DisclaimerPlease note that the views expressed in this blog are the author's own and do not represent the views of the University of Edinburgh.
AHRC project blog: The Story of Story in South Asia
A monograph presenting my major research findings for this project has now been published by Routledge: see their page about the book here. A paperback will be available after a while.
by Naomi We have both really enjoyed working on this project, and particularly welcomed the responses from our lovely blog audience. The project is now drawing to a close and we have two announcements to make: Firstly, we will be holding a special event in Cardiff on 27th June, in which we are teaming up […]
by Naomi Last weekend I had the pleasure of attending the Spalding Symposium on Indian Religions, which was held at St Michael’s College, Llandaff, and warmly and efficiently hosted by Drs Simon Brodbeck and James Hegarty. The theme was “narrative” and so I enjoyed a packed weekend of papers on everything from Buddha-biographies to vetāla […]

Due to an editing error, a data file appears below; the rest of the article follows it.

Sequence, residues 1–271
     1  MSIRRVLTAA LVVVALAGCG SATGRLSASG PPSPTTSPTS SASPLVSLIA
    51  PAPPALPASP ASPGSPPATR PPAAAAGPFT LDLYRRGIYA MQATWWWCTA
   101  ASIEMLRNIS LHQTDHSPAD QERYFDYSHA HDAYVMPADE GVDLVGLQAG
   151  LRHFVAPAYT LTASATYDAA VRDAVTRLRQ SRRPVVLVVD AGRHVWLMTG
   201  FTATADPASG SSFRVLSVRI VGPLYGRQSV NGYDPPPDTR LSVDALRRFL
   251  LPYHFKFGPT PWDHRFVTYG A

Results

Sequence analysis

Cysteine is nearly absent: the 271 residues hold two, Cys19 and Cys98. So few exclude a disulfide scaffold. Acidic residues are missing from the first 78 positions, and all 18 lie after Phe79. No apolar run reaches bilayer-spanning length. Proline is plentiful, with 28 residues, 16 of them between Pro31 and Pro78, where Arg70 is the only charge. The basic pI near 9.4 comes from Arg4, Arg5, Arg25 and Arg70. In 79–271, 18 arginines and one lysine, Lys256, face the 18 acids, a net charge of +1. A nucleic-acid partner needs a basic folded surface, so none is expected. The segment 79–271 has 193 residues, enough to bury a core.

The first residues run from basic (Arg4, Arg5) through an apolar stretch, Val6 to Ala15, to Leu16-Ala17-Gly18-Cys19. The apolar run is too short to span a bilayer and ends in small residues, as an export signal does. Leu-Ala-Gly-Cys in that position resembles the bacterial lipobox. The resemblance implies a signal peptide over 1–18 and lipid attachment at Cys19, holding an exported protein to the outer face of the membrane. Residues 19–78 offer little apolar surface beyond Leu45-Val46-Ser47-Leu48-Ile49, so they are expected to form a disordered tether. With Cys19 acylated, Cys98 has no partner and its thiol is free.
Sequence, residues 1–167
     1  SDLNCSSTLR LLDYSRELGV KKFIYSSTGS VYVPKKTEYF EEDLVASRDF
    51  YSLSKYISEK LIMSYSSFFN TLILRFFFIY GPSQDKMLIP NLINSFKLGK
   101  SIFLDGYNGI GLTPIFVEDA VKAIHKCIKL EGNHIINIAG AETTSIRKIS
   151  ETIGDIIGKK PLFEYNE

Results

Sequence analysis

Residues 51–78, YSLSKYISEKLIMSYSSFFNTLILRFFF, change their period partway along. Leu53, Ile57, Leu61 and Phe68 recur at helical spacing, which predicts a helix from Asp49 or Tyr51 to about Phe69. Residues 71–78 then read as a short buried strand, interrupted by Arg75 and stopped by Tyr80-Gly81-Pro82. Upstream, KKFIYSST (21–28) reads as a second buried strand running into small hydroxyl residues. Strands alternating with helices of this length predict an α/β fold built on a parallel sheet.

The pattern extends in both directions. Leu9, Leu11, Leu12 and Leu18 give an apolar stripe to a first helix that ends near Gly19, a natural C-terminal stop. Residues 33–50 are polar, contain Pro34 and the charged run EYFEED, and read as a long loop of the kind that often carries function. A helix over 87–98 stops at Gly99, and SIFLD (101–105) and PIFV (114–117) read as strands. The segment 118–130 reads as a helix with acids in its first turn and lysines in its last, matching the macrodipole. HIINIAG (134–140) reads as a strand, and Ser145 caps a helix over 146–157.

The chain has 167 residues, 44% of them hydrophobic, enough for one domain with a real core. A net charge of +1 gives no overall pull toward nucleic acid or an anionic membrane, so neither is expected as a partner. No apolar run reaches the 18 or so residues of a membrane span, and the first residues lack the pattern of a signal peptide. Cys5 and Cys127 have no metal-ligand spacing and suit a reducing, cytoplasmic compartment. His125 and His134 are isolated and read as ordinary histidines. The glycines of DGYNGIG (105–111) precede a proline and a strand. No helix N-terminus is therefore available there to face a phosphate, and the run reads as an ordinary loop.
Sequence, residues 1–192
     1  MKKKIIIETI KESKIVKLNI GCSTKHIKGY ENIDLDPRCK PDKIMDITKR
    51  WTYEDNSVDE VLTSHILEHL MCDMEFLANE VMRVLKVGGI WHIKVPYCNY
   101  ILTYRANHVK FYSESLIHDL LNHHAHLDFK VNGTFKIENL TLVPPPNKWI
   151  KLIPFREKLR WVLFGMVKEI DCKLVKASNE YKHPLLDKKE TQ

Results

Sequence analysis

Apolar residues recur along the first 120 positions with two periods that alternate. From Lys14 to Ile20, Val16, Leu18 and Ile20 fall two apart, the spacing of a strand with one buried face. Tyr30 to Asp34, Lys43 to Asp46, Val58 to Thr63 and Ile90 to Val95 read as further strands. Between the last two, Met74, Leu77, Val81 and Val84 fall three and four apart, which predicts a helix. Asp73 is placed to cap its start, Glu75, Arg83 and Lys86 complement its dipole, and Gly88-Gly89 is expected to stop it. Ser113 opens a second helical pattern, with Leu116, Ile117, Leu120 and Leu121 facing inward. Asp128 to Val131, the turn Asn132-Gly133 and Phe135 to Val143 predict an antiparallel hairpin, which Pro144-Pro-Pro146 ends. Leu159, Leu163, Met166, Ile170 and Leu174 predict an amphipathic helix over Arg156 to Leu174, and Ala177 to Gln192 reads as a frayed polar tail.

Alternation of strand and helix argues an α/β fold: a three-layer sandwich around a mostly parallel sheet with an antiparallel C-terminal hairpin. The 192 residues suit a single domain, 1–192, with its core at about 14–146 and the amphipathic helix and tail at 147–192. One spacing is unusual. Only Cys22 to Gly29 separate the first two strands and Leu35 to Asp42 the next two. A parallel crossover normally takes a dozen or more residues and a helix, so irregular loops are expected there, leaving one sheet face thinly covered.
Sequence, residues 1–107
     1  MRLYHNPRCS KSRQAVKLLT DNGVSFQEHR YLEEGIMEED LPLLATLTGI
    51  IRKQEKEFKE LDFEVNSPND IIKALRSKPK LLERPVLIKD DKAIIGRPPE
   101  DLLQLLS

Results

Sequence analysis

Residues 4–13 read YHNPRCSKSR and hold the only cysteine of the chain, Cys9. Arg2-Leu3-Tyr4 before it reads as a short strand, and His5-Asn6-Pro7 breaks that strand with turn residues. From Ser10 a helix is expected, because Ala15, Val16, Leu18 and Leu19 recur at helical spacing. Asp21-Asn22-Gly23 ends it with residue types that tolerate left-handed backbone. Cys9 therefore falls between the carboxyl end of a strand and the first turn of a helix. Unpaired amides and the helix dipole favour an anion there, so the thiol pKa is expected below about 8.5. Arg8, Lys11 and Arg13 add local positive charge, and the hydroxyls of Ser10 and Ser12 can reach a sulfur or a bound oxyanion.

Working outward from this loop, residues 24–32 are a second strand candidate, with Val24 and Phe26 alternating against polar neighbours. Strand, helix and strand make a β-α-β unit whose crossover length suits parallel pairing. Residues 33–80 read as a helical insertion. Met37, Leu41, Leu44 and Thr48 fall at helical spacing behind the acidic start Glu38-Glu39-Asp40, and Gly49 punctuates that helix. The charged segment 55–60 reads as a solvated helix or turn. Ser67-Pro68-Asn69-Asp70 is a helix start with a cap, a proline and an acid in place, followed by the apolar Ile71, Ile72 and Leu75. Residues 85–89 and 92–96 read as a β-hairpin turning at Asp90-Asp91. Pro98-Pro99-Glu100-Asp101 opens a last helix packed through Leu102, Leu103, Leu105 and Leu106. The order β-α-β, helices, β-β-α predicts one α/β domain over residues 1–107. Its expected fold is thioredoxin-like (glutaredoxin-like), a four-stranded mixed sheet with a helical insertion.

by Naomi I am busy putting the final touches to my book, and one of the remaining tasks is selecting images to include. The publisher says I can have up to 21 images, black and white, inside the book, plus I would like something quite striking for the cover. It is the first time I […]
by Naomi This blog has gone a little quiet as we reach the end of the project and put together our monographs! A couple of weeks ago I finally found time to take a look at a dissertation that is of great interest to the broader frame of my research into inter-religious narrative interactions: “Dialogues […]
Monthly Archives: October 2014
In my project to tweet all of the jātakas in turn I have reached number 27: JA27 State elephant is good friends with dog, and when dog taken away he refuses to eat. Minister (=Buddha) understands and gets dog back. … Continue reading
I have been teaching Jain karma theory this week and it reminded me to look up this little animated film I came across years ago: It is a thought-provoking representation of karma as little ghost-like figures who literally cling to … Continue reading